Project description:INTRODUCTION:In bone and joint infections (BJIs), bacterial toxins are major virulence factors: Panton-Valentine leukocidin (PVL) expression leads to severe local damage, including bone distortion and abscesses, while ?-hemolysin (Hla) production is associated with severe sepsis-related mortality. Recently, other toxins, namely phenol-soluble modulins (PSMs) expressed by community-associated methicillin-resistant Staphylococcus aureus (CA-MRSA) strain USA300 (LAC WT) were shown to have ex vivo intracellular cytotoxic activity after S. aureus invasion of osteoblasts, but their in vivo contribution in a relatively PVL-sensitive osteomyelitis model remains poorly elucidated. MATERIALS AND METHODS:We compared the outcomes of experimental rabbit osteomyelitises induced with pvl+hla+psms+ LAC WT and its isogenic ?psm derivatives (LAC ?psm? and LAC ?psm??hld) using an inoculum of 3 × 108 CFUs. Mortality, hematogenous spread (blood culture, spleen and kidney), lung and bone involvements were assessed in two groups (non-survivors of severe sepsis and survivors sacrificed on day (D) 14). RESULTS:Severe sepsis-related mortality tended to be lower for ?psm derivatives (Kaplan-Meier curves, P = .06). Non-survivors' bone LAC-?psm? (6.9 log10 CFUs/g of bone, P = .04) or -?psm??hld (6.86 log10 CFUs/g of bone, P = .014) densities were significantly higher than LAC WT (6.43 log10 CFUs/g of bone). Conversely, lung ?psm??hld CFUs were significantly lower than LAC WT (P = .04). LAC ?psm?, ?psm??hld and WT induced similar bone damage in D14 survivors, with comparable bacterial densities (respectively: 5.89, 5.91, and 6.15 log10 CFUs/g of bone). Meanwhile, pulmonary histological scores of inflammation were significantly higher for LAC ?psm?- and ?psm??hld-infected rabbits compared to LAC WT (P = .04 and .01, respectively) but with comparable lung bacterial densities. CONCLUSION:Our experimental results showed that deactivating PSM peptides significantly limited bacterial dissemination from bone during the early phase of infection, but did not affect local severity of USA300 rabbit osteomyelitis.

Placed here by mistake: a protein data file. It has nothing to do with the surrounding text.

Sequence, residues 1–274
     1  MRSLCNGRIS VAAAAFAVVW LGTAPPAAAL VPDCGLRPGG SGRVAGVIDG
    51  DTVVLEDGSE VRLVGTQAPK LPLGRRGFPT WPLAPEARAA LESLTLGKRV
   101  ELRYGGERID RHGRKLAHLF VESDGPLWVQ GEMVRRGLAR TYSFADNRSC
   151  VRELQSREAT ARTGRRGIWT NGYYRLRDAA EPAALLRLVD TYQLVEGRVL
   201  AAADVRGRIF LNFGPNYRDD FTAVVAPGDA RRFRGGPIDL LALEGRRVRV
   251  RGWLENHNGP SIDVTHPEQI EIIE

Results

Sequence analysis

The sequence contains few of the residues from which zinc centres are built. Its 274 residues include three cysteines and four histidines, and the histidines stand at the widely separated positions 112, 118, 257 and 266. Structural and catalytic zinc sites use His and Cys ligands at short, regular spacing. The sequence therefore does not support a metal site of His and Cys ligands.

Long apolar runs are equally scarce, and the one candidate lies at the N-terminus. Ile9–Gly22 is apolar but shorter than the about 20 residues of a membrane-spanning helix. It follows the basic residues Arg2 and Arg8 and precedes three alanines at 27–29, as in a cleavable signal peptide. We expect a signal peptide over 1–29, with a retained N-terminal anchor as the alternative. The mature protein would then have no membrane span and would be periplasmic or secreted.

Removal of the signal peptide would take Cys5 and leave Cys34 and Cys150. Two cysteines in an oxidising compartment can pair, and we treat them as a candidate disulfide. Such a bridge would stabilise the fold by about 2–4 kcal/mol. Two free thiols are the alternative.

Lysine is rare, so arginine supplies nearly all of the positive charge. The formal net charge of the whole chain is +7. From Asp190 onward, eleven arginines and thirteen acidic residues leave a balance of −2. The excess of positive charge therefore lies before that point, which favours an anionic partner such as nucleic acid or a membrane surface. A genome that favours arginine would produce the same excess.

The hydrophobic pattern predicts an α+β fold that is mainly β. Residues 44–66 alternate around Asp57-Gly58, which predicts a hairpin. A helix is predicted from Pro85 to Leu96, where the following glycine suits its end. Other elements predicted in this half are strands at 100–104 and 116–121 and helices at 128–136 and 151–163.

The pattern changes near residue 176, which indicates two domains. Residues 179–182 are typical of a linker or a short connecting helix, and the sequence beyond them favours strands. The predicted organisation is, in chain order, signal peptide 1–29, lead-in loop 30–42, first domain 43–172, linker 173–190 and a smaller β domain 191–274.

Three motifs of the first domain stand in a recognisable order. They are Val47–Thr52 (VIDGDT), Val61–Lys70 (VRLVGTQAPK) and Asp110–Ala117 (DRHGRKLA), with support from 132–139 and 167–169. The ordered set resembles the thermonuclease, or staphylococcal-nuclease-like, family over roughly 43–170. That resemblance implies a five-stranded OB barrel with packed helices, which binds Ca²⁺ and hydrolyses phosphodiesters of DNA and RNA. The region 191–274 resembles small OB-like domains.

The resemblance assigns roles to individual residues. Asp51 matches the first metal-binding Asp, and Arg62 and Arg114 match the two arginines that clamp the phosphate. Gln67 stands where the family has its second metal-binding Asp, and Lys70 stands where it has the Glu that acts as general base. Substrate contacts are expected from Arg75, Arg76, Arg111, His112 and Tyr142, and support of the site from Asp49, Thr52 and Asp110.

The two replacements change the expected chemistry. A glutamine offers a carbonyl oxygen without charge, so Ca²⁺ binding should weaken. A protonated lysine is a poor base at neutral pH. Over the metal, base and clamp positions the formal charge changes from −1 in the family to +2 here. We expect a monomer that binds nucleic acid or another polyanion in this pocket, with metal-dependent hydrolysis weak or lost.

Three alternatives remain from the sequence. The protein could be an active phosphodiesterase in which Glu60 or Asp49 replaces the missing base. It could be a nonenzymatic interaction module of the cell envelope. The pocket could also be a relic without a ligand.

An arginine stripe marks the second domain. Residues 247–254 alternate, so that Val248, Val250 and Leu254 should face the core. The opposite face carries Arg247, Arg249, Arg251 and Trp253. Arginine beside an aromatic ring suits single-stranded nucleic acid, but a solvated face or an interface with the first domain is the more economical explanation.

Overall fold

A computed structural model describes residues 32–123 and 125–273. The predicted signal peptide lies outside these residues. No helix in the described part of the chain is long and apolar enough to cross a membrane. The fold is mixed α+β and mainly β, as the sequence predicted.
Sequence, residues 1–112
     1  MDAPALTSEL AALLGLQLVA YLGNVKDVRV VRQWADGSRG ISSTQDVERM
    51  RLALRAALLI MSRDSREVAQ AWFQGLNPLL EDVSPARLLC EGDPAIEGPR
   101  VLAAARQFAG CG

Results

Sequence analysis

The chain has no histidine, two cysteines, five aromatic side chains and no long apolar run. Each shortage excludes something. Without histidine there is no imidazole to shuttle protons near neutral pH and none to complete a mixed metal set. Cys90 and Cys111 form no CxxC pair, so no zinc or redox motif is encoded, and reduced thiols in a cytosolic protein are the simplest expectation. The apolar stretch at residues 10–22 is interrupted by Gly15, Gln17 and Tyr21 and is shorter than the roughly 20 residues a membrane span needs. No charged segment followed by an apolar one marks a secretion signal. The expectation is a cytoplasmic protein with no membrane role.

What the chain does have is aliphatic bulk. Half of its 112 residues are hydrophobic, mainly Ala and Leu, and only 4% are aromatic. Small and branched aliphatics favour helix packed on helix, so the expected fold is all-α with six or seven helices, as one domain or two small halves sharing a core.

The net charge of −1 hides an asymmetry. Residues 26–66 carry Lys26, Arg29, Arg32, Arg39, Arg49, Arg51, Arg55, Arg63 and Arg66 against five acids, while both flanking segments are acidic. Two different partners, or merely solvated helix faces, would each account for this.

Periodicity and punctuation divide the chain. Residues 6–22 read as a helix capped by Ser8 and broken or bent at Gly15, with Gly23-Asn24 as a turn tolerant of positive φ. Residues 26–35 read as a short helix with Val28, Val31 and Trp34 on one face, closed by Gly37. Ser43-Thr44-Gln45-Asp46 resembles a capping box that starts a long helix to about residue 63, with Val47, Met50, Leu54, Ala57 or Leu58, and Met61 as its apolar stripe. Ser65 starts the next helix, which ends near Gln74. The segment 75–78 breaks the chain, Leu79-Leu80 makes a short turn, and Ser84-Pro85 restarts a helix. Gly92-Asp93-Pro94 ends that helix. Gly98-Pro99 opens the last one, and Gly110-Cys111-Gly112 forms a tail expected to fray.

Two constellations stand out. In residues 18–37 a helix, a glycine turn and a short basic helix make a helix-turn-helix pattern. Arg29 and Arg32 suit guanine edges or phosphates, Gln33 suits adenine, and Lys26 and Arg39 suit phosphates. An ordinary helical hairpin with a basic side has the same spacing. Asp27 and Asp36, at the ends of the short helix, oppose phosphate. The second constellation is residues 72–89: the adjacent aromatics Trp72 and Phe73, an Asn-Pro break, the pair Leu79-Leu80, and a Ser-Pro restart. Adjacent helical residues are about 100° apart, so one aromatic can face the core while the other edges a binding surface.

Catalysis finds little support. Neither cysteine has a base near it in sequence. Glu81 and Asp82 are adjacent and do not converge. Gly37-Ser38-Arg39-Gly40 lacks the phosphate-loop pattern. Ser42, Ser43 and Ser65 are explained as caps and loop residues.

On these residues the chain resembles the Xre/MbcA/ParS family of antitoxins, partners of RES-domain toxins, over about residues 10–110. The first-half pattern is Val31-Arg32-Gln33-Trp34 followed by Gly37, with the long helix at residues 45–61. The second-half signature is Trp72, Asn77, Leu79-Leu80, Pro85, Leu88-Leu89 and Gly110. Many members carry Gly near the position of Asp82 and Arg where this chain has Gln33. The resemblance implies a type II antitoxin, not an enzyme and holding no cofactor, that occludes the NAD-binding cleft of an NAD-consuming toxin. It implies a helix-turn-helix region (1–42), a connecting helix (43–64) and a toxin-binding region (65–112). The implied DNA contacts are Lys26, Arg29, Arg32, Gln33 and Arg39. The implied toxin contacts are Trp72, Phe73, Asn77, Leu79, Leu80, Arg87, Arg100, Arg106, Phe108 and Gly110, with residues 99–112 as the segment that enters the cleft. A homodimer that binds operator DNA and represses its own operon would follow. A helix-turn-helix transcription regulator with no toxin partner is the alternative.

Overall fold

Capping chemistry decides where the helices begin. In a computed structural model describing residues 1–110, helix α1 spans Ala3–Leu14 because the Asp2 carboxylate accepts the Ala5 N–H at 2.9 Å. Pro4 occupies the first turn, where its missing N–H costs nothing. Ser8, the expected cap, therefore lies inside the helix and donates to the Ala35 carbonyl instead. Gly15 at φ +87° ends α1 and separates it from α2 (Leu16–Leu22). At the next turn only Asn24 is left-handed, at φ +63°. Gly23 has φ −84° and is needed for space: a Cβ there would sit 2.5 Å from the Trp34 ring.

Project description:Biofilms complicate treatment of Staphylococcus aureus (SA) wound infections. Previously, we determined alpha-toxin (AT)-promoted SA biofilm formation on mucosal tissue. Therefore, we evaluated SA wound isolates for AT production and biofilm formation on epithelium and assessed the role of AT in biofilm formation. Thirty-eight wound isolates were molecularly typed by pulsed-field gel electrophoresis (PFGE), multilocus sequence typing (ST), and spa typing. We measured biofilm formation of these SA isolates in vitro and ex vivo and quantified ex vivo AT production. We also investigated the effect of an anti-AT monoclonal antibody (MEDI4893*) on ex vivo biofilm formation by methicillin-resistant SA (USA 300 LAC) and tested whether purified AT rescued the biofilm defect of hla mutant SA strains. The predominant PFGE/ST combinations were USA100/ST5 (50%) and USA300/ST8 (33%) for methicillin-resistant SA (MRSA, n = 18), and USA200/ST30 (20%) for methicillin-susceptible SA (MSSA, n = 20). Ex vivo AT production correlated significantly with ex vivo SA wound isolate biofilm formation. Anti-alpha-toxin monoclonal antibody (MEDI4893*) prevented ex vivo biofilm formation by MRSA USA300 strain LAC. Wild-type AT rescued the ex vivo biofilm defect of non-AT producing SA strains. These findings provide evidence that AT plays a role in SA biofilm formation on epithelial surfaces and suggest that neutralization of AT may be useful in preventing and treating SA infections.